Claiming To Represent 'Tech' Network Hardware Vendors Shockingly Support Their ISP Clients In Opposing Tough Net Neutrality Rules

from the don't-fear-the-investment-bogeyman dept

By now, we've made it pretty clear that while Title II is being portrayed as a big, scary bogeyman by the nation's largest ISPs, it's really only a regulatory burden if you're doing something wrong. And while ISPs like Verizon, Comcast and AT&T have been making the rounds telling anyone who'll listen that Title-II based rules will stifle industry investment, those same ISPs have been not only regulated for years under Title II without problems, but ISPs like Verizon, Charter and Time Warner Cable have also been admitting to investors that's simply not true.

Enter hardware vendors like Sandvine, Cisco, Intel, IBM and Adtran, who last week joined forces to oppose Title-II based net neutrality rules in a letter (pdf) to Congress and the FCC. Even though the investment-bogeyman mantra has been thoroughly debunked by this point, that didn't stop the companies from upping the rhetoric ante -- and proclaiming that Title II will kill the entire economy:
"While many experts have noted the damage Title II could do to network investment, the harm would cascade out far beyond the provision of broadband service because the Internet is now so entwined with our entire economy...Reversing course now by shifting to Title II means that instead of billions of broadband investment driving other sectors of the economy forward, any reduction in this spending will stifle growth across the entire economy. This is not idle speculation or fear mongering. And as some have already warned, Title II is going to lead to a slowdown, if not a hold, in broadband build out, because if you don’t know that you can recover on your investment, you won’t make it."
Except fear mongering is exactly what it is. Wireless voice has always been regulated under Title II, yet wireless has seen an explosion in network investment over the last decade. Verizon's FiOS services are regulated under Title II for tax purposes, and a quick glimpse skyward should illustrate that the sky didn't fall. Meanwhile, to encourage regulatory apathy, the letter perpetuates the boring falsehood that the broadband market has "flourished" under a decade of deregulation regulatory capture, when the lack of competition, high prices, and horrid customer service clearly shows that's not the case.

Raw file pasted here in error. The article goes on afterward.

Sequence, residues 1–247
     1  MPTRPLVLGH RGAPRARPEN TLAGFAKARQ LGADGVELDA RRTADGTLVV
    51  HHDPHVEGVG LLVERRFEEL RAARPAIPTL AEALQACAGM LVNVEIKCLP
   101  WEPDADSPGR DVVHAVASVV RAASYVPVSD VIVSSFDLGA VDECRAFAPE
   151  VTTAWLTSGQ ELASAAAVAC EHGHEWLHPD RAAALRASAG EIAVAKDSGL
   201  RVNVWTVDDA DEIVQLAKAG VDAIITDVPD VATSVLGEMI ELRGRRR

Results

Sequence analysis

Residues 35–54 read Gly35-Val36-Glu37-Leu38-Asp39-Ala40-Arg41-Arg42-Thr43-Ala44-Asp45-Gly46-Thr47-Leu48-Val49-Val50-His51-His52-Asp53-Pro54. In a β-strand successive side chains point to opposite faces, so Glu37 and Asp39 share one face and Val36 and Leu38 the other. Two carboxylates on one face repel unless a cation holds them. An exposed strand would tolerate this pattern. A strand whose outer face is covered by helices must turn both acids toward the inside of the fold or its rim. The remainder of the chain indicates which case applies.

The network hardware vendors' letter last week was bandied about as proof positive that "tech" companies oppose Title II rules, ignoring, of course, that in this case we're talking specifically about tech companies that stand to profit handsomely from weaker (or no) net neutrality rules.

Much like the ISPs, it's not really Title II hardware vendors oppose. What they oppose are rules that could potentially hamstring the billions that can be made from abusing the incumbent ISP gatekeeper stranglehold over noncompetitive markets, whether that comes in the form of double dipping, erecting arbitrary new tolls, discriminating against competing traffic, or imposing otherwise "creative" new pricing paradigms. After all, if these companies stand to make billions selling the hardware that makes this bad behavior possible, why on Earth would they want net neutrality rules that prohibit it?
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Filed Under: net neutrality, open internet, telco vendors, title ii
Companies: adran, at&t, cisco, comcast, ibm, intel, sandvine, verizon


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  • icon
    That One Guy (profile), 23 Dec 2014 @ 4:02pm

    Who is paying the investment?

    And as some have already warned, Title II is going to lead to a slowdown, if not a hold, in broadband build out, because if you don’t know that you can recover on your investment, you won’t make it.

    Leaving aside for a moment that even Verizon slipped up and publicly stated that reclassification wouldn't do squat to hinder investment, if we're going to talk about 'recovering' the investment these companies are making, we should also bring up the billions of tax-payer dollars they've been given for their networks, and the massive tax-breaks they've been given for the same reason.

    If they're claiming that re-classification would make expanding their networks too 'risky', then it only seems fair to completely eliminate those tax-breaks and subsidies. After all, their purpose is to help the companies expand and maintain their networks for the benefit of the public, if they're doing neither, then they clearly don't need the 'help'.

    So no more subsidies, and no more tax breaks, if expanding the networks is too risky, then the public shouldn't be the ones putting their money on the line.

    Now, such networks do need to be built and maintained, but if the major players aren't willing to do so, sounds like a perfect opportunity for smaller players to take up the slack. I'm sure they would love to have the perks the major ISP's don't need anymore.

    reply to this | link to this | view in chronology ]

  • identicon
    Only here in name only, 23 Dec 2014 @ 4:03pm

    So...